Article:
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Repairing Suspect SQL Database

, 23 Aug 2010
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Repairing Suspect SQL Database

I'm not a DBA but I have a real life experience repairing a suspect databases twice. I guess I can say that I was unlucky at that time as I was presented in a tough situation where I was still in the process of learning how things work and we didn't have a DBA resource (remember I am a developer), but still consider it lucky as even some experienced DBAs might not have even experienced this situation. I experienced a similar situation before, and restoring it was easy before as we have, but that was easier as I have the proper restore points.

Now in this situation, the backups had failed so the last clean backup we had was 2 weeks old, so I could only rely on that one plus the current transaction log which is not backed up for now. So the first thing that came to my mind was to backup the transaction log so I could easily restore the full lot. I tried to backup the transaction log, but I had to remove the suspect status first by running this TSQL:

sp_resetstatus <dbname>

Now it was not a suspect anymore, I was hoping to run the backup of transaction log by using this TSQL:

BACKUP LOG <dbname>
TO DISK='X:\YourFolder\YourFileNameLOG.bak',

But to my surprise, it did not work as the database went back to a suspect status. I repeated the process again hoping that it would work but got no luck out of it, with further research its suspect status will always go back when the corruption is severe, so the next thing that came into my mind was that the disk might fail more so I have copied everything to a remote disc (MDF, LDF and the Backup), so I have to kill all connections to it and stop the database so that I can copy the files properly. After waiting for a long time around 15 minutes (remember the file is huge), it presented me an error which I cannot further, I cannot remember the exact error anymore but it's similar to copying files from a badly scratched CD or DVD, the error is in the lines of an I/O error (Oh sh*t!). So I went ahead and checked the event logs and to my surprise, here is what I got!

Everything is in red nearly all 10K events, don't ask me why this happened without someone noticing (remember I am the developer).

The message is almost the same from event to event, the HEX part is almost repetitive, and looks like it's using the same 20 values all over again.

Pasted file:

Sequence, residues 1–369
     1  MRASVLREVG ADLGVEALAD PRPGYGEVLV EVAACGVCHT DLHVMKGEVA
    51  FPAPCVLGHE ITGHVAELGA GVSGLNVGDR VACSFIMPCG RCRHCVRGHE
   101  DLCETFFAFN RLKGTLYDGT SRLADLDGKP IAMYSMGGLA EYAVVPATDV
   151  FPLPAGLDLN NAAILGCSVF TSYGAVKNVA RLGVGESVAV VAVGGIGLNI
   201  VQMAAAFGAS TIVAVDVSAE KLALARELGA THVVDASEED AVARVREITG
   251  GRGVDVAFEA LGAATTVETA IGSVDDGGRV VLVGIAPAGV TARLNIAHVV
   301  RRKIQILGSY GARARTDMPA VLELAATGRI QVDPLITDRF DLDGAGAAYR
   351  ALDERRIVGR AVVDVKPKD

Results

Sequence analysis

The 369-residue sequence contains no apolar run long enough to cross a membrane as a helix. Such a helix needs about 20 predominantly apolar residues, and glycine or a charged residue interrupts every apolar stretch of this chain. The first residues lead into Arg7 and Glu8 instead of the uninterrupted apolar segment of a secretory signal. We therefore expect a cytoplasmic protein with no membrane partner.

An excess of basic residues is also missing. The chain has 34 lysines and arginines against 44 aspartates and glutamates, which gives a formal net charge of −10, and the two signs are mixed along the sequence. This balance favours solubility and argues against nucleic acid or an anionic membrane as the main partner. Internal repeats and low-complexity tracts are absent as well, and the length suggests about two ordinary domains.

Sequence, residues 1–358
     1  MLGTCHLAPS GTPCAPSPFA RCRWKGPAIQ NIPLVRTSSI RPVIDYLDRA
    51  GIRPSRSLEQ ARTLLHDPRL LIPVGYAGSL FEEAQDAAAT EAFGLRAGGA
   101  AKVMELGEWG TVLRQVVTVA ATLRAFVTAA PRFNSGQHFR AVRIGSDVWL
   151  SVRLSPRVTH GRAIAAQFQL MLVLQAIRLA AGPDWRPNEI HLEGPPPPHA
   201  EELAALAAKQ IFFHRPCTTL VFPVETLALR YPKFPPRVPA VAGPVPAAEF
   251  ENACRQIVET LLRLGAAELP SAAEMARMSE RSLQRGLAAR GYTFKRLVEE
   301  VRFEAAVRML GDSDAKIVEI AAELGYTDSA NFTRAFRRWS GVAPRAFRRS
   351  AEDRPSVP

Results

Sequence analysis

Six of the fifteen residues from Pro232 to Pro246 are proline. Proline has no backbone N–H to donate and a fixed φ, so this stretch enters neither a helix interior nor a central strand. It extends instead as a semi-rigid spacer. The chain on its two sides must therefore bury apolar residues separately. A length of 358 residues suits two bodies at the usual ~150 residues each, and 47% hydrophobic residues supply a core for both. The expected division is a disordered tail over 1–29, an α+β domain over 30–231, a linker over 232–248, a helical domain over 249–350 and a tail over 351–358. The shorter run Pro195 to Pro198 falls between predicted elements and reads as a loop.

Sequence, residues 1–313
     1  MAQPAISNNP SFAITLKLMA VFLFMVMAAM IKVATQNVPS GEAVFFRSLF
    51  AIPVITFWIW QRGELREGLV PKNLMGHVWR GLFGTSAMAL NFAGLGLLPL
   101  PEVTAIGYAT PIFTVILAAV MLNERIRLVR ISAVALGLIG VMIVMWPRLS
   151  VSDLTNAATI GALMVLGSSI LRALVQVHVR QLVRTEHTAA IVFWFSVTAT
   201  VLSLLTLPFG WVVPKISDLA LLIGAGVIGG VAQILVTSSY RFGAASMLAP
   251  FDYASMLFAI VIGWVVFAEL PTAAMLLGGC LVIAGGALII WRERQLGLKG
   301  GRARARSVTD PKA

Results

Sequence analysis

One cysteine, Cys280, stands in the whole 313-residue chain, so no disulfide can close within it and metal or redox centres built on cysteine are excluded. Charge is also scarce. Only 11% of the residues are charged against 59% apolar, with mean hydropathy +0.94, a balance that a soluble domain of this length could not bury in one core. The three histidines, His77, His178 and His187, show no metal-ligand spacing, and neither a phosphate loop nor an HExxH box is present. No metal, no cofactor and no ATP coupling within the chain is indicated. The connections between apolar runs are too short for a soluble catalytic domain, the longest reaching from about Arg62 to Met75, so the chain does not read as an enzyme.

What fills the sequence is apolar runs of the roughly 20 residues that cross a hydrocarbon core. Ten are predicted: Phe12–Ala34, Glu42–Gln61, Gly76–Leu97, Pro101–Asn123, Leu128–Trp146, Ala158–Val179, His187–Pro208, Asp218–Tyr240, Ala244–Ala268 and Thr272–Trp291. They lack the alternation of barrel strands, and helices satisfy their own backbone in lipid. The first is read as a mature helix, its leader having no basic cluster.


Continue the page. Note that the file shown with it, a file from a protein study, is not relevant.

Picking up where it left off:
Error: 823, Severity: 24, State: 3
I/O error 2(error not found) detected during write
at offset 0x000001d527a000
in file 'E:\Program Files\Data\MyDatabase.mdf'.

So moving ahead, the first thing that came to my mind was to check the disk and defragment as it might help as the file system would be repaired if there were errors that are repairable and I was hoping that the data would be moved from the offset mentioned logs to a better location on the drive. It took nearly 6 hours doing it as the data was large and drive was large, but after that I now tried copying the files I mentioned above and it worked, now I have a clean copy in a good disk of the MDF, LDF and the Backup which gave me peace of mind, as I know I can restore from those (but using those is not easy as the LDF is not a backup copy).

From there knowing that the disk was repaired by the checkdisk and defragmentation, I can now backup the transaction logs and the database which did not give me much problems anymore. Also having that in mind, I can now perform a full backup of the database which I can restore on a new server. And this is the TSQL I used:

BACKUP DATABASE <dbname>
TO DISK='X:\YourFolder\YourFileNameDB.bak',

That worked as well, so the checkdisk and defragmentation really helped.

Now I have a real backup, next is to restore it on a new machine which again did not give me a lot of issues until…

Once the applications start connecting to the database, I checked the logs and to my surprise the same errors (Error: 823) appeared, now I tried contacting some of the DBAs I know and they could not give me a convincing answer, so I just trusted my gut feeling and did it on my own with the help of Google. Now I found out that the error might be a remnant of the old database which was resorted in that state so the best thing was to repair it before applications start using it so I repaired it using this TSQL Command:

USE [master]
GO